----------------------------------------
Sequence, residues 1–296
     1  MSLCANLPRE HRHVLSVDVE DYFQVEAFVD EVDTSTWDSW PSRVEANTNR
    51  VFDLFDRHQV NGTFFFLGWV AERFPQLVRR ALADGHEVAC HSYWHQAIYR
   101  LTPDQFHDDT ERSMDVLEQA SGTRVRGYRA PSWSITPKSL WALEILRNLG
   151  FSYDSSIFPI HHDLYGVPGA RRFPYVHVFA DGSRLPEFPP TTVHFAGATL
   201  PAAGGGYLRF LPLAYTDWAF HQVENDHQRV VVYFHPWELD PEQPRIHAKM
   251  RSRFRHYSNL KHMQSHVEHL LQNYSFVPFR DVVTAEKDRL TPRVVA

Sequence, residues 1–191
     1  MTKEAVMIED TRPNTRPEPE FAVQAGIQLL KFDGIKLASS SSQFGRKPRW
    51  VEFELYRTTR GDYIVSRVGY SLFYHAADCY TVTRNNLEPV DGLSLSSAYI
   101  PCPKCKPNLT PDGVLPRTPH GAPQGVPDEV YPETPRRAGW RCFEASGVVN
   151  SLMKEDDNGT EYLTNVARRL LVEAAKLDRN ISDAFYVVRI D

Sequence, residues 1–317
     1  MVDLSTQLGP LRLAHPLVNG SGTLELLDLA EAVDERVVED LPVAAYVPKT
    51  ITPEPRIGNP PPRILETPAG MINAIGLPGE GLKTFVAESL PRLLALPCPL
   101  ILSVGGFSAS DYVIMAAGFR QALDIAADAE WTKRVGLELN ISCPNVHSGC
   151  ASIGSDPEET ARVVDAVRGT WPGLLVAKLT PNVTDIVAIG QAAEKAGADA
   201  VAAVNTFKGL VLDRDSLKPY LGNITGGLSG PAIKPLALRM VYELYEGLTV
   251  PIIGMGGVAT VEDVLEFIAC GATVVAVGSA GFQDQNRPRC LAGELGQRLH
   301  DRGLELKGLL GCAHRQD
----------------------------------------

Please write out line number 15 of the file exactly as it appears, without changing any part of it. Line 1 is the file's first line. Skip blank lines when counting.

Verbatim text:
    51  ITPEPRIGNP PPRILETPAG MINAIGLPGE GLKTFVAESL PRLLALPCPL